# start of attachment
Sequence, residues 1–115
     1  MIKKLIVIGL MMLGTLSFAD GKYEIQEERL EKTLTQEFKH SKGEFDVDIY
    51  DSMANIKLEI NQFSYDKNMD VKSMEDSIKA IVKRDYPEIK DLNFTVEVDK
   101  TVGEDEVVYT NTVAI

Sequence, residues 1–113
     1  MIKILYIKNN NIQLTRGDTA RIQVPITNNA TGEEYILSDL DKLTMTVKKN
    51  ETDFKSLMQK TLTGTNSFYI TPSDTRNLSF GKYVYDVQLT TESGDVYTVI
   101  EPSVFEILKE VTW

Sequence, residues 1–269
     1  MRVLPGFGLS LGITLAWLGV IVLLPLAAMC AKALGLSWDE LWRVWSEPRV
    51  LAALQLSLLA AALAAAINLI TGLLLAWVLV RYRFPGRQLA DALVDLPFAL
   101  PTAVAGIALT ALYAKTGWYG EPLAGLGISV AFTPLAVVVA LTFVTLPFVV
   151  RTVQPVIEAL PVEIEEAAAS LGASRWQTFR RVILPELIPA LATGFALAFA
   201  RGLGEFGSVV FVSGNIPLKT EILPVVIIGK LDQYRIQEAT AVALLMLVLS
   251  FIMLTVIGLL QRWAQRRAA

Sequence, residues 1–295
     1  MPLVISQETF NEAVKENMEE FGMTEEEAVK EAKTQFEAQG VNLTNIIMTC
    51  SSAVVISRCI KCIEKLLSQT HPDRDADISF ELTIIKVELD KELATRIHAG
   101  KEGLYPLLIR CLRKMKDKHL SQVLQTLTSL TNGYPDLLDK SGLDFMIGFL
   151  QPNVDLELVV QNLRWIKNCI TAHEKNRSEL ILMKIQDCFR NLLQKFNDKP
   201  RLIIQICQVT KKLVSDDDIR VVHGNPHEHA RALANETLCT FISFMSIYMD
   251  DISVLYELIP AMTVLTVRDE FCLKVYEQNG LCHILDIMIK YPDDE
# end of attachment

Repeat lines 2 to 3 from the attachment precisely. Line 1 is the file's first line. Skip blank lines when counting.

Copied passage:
     1  MIKKLIVIGL MMLGTLSFAD GKYEIQEERL EKTLTQEFKH SKGEFDVDIY
    51  DSMANIKLEI NQFSYDKNMD VKSMEDSIKA IVKRDYPEIK DLNFTVEVDK